How to Fix JavaScript Render Problems

JavaScript render problems can seriously hinder the ability of search engines to index your site as well as your user experience. JavaScript for Google does not work the same way as HTML. It must be executed. When something disrupts the code execution, or rendering, it can cause a breakdown in how the site is supposed to appear and the content that should be displayed to users. Thus, it will disrupt your indexing and the user experience you create.Javascript for Google affects page speed - BrightEdge

The first step in fixing render problems is identifying them. You can use the Google Page Speed Insights to see if Javascript rendering is a problem and how much time might be saved if resolved. You will then understand if your JavaScript for Google has any errors that hamper its ability to rank in the SERPs.

Next, you will want to check your content for a soft 404 error. A soft 404 error refers to a mistake that can occur with client-side JavaScript that tells users that a page does not exist, but also returns a 200-level success code. A page that is not found should return a more appropriate code, such as a 404 or a 301. If your page is returning a 200-level success code, then it might also be telling search engines that your page does exist. This can lead to pages with error codes getting indexed, which does not help your site. You will want to fix this error code to ensure that it displays the correct code to the user.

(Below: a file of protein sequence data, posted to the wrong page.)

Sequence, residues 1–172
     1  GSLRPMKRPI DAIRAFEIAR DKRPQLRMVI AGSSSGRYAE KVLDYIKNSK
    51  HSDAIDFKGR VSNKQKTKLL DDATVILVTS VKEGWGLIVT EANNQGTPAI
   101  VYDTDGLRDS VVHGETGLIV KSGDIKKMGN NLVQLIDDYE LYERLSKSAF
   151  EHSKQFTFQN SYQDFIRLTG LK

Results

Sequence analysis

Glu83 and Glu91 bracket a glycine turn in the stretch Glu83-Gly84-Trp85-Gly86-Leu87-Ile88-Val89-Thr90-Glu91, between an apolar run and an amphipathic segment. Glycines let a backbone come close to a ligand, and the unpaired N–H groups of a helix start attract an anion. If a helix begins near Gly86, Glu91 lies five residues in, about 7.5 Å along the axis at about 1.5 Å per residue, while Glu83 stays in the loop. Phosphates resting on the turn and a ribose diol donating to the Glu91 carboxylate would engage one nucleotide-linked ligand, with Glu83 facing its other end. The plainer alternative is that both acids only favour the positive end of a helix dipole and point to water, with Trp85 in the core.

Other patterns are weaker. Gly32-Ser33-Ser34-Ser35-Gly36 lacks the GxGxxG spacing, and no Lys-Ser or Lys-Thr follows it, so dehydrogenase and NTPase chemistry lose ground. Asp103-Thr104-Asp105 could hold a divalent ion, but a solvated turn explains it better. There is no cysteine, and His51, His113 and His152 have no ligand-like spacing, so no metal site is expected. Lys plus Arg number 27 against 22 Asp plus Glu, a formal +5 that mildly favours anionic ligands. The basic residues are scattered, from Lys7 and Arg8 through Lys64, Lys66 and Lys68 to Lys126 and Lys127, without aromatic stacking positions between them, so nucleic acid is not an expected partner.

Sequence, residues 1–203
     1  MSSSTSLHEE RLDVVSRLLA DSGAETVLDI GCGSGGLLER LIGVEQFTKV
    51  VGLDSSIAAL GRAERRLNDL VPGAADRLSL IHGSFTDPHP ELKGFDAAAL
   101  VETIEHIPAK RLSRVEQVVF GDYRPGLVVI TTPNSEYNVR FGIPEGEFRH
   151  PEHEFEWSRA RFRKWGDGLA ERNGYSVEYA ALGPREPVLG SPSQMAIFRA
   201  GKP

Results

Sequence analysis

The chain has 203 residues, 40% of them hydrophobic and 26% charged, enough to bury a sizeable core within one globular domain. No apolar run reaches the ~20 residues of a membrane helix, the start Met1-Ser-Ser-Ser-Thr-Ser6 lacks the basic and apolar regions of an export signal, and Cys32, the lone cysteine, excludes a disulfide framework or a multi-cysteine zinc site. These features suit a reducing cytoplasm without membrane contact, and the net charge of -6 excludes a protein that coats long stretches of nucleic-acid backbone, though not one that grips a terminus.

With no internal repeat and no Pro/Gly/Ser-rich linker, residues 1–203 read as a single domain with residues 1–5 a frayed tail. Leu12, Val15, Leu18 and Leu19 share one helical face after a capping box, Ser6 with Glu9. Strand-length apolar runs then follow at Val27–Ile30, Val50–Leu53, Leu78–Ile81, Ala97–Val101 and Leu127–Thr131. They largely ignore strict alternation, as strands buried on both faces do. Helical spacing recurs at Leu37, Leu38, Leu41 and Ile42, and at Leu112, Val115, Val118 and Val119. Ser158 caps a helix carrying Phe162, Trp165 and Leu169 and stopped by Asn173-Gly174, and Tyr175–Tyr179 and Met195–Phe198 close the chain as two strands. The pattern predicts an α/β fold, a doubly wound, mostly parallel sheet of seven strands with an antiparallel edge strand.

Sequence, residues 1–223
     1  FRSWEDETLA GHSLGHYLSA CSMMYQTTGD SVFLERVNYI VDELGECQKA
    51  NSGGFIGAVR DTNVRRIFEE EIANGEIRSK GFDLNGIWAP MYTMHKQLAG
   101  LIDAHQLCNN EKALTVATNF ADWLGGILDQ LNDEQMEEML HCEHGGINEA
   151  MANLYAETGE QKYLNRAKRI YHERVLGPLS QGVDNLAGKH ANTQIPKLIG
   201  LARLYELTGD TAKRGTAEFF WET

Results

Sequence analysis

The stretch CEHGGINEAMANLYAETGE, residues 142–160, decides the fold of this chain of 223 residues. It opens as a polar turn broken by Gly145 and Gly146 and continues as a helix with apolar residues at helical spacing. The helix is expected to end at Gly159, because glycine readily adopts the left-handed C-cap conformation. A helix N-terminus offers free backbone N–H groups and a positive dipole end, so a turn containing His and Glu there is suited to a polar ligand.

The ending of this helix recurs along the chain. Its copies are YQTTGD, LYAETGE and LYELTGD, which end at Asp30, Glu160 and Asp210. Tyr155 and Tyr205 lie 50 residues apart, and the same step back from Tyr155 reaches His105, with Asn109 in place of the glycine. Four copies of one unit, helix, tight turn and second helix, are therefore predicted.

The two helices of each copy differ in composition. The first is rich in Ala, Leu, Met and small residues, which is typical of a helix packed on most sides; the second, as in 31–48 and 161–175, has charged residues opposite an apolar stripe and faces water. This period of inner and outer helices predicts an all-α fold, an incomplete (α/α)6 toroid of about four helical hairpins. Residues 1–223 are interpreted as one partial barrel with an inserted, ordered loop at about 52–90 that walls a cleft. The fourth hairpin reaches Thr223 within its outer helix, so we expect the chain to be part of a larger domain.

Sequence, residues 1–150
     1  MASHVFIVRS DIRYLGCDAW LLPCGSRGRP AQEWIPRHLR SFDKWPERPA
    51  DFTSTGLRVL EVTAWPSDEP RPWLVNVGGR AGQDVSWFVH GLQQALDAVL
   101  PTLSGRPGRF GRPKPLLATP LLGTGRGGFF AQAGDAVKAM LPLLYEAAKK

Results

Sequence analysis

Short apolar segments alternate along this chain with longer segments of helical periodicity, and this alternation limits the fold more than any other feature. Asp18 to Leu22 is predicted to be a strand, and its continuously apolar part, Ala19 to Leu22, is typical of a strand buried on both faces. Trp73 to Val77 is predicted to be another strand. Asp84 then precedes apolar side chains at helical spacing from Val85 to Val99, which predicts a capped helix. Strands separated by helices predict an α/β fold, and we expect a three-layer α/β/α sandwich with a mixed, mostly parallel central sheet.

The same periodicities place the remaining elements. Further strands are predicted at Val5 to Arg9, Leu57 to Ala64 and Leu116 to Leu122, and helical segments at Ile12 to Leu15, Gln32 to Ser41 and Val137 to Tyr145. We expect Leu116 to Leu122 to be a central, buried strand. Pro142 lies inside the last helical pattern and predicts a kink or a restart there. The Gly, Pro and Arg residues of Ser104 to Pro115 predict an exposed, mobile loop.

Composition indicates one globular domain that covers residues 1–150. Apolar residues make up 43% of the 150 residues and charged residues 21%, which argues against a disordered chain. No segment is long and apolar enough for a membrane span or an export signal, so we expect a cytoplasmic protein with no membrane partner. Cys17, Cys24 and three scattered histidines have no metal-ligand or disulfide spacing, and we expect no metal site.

If the URL inspector tells you that you have a soft 404 error, your page might not be loading JavaScript correctly and thus needs to be fixed.

You also want to verify that you do not rely on customers completing certain actions, such as turning on a camera, to be able to view all of your content. This can make it difficult for the search engine to understand your material as well as hinder many users.

There may also be certain types of website features that not all user agents support. If the Google crawler Javascript, or even some users, encounter this content, they might not experience the full impact of your content. You will want to equip your content with some type of fallback behavior so that you can still display the content to the search engines as well as users regardless of whether or not they can see all the web features on your page.

After you check all of these features, you will want to use the URL inspection tool to see how Google renders your site. You will get a better idea if all of your render problems have been corrected and how your site will appear online.